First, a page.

In the End, Death is Part of a Process
Being in lockdown caused Fr Kevin Reynolds to reflect on our mortality — and he found that to be a profitable endeavour, as he shares here.
Amid all the bad news, there are certainly as many beneficial stories from the lock-down period as there are people experiencing this unique human condition.
By now we have heard of many interesting activities people have discovered during their enforced isolation.
However, there is one common thought—death—that has naturally passed through the minds of all in this time of “retreat”. It becomes a more urgent consideration each day as we hear of increasing numbers of people around the world dying due to the coronavirus.
I guess being in a high-risk age category, I started to look more earnestly than ever at the possible imminence of my own death. To aid my reflection I took up again a famous book by the Swiss-American psychologist Dr Elisabeth Kübler-Ross, On Death and Dying, published in 1968—coincidentally the year of my ordination.
In starting this book, I soon recalled that a fellow Pretoria priest, Fr Robert McKay, had written his psychology doctoral thesis on the same subject in the 1980s. So I asked his brother, John, to loan me a copy of his brother’s magnum opus. John immediately arranged for Fr McKay to send me his thesis by e-mail from the United States where he has lived for the past three decades.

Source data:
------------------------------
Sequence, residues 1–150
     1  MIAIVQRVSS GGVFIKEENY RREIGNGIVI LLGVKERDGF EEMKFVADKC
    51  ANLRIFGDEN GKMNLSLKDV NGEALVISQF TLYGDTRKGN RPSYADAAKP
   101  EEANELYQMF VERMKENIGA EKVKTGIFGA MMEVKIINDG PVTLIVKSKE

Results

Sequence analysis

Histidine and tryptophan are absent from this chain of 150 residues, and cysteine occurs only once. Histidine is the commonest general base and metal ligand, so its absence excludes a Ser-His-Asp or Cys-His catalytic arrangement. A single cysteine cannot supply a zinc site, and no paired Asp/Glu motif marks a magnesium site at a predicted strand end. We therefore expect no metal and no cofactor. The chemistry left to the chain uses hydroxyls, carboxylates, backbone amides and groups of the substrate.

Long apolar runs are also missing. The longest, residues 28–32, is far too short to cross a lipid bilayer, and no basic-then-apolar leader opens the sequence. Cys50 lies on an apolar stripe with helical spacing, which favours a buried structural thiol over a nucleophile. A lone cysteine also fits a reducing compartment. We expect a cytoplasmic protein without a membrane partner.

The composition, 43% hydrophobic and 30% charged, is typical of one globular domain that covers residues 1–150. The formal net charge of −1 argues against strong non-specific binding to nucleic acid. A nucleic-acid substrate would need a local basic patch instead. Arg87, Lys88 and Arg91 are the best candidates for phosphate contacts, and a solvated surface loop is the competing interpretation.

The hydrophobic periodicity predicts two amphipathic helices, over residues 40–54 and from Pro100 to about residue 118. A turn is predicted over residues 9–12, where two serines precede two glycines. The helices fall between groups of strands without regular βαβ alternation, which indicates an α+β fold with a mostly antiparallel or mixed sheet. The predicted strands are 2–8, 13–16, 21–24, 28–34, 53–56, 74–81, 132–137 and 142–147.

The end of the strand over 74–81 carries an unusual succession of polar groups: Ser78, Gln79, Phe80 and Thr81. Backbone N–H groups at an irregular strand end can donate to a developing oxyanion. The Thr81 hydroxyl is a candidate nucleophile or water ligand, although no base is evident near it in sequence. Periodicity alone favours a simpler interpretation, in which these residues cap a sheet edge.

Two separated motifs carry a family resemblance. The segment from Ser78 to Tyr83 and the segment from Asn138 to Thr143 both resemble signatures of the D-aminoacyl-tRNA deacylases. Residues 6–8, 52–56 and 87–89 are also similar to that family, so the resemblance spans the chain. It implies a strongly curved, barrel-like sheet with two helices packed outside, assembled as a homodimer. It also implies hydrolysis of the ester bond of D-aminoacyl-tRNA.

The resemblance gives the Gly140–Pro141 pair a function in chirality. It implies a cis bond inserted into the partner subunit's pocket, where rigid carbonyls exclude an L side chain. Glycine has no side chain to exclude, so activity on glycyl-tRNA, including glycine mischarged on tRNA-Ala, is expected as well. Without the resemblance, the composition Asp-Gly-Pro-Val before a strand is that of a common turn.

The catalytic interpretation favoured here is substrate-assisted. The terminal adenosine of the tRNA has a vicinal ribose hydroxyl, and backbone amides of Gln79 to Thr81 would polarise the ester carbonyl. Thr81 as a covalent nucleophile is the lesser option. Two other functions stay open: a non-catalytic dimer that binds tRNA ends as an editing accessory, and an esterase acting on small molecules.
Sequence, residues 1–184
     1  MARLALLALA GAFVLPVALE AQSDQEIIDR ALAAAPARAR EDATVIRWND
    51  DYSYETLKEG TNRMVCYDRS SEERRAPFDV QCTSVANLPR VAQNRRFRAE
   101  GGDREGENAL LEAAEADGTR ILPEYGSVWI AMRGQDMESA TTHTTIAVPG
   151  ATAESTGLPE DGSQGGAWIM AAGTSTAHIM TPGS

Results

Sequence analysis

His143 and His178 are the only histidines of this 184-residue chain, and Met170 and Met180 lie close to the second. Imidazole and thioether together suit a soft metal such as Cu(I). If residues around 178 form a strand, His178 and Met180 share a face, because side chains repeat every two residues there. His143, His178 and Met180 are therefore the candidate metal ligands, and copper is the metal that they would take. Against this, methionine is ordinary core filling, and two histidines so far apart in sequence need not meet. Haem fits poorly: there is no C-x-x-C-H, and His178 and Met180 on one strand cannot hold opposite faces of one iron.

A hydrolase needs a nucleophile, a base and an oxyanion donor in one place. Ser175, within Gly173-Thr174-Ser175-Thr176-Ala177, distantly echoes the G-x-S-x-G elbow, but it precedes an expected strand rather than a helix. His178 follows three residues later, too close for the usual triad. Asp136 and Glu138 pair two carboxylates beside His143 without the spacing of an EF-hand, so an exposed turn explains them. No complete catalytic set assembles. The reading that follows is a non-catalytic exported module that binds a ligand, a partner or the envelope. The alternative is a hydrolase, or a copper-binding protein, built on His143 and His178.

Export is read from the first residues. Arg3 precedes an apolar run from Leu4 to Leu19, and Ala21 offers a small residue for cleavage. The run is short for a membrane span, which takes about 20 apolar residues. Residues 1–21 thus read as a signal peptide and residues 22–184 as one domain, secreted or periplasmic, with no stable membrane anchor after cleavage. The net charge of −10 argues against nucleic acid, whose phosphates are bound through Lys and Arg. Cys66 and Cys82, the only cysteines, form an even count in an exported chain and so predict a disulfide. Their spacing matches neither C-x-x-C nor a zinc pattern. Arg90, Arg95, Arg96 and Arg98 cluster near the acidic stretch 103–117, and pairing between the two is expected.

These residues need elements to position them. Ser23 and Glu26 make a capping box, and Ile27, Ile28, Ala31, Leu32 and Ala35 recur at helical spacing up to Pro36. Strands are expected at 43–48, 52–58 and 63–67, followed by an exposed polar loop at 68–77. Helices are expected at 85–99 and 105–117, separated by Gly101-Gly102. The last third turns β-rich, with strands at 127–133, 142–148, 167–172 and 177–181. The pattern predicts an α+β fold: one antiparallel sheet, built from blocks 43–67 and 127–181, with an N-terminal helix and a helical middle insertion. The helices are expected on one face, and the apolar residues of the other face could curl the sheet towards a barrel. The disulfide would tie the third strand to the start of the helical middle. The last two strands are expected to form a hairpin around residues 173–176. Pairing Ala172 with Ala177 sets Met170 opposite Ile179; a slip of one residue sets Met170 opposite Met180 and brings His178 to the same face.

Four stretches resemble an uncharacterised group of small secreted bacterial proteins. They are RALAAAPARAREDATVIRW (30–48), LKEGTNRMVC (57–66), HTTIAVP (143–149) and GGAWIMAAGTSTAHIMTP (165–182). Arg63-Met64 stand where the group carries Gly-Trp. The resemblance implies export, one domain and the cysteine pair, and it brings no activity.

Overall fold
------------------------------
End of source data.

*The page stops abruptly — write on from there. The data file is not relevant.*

Upon reading this learned work I came across a very meaningful description of death, namely, that it is a process. This triggered my own reflection on the subject of death.
Why I find this description of something that we tend to shy away from and to fear so exciting and stimulating is because “process” is so integral to our human condition.
We certainly never experience the totality of anything in life in an instant. From our earliest years we get to know that everything is grasped and attained only over a period of growth which usually involves effort and, at times, even a touch of suffering.
Our education schools us in the arduous process of learning the basics of life, like speaking, reading and writing a language, mastering the concept and application of numbers, and coming to terms with drawing.
Even our physical development is very much a process. I was recently aware of this while observing a 14-month-old child learning to take his first steps. As he did so, his brother excitedly shouted: “He is putting one foot in front of the other!”
Nothing is instant
During lockdown I am looking after a friend who is recuperating from hip-replacement surgery. Every morning and evening when I serve her breakfast and supper and chat about her progress, it is apparent how patient she needs to be in recovering from so major an operation.
Indeed, nothing is achieved instantly in life. Graduating from school or university, for instance, marks the culmination of years of applied effort in acquiring knowledge and skills in various fields.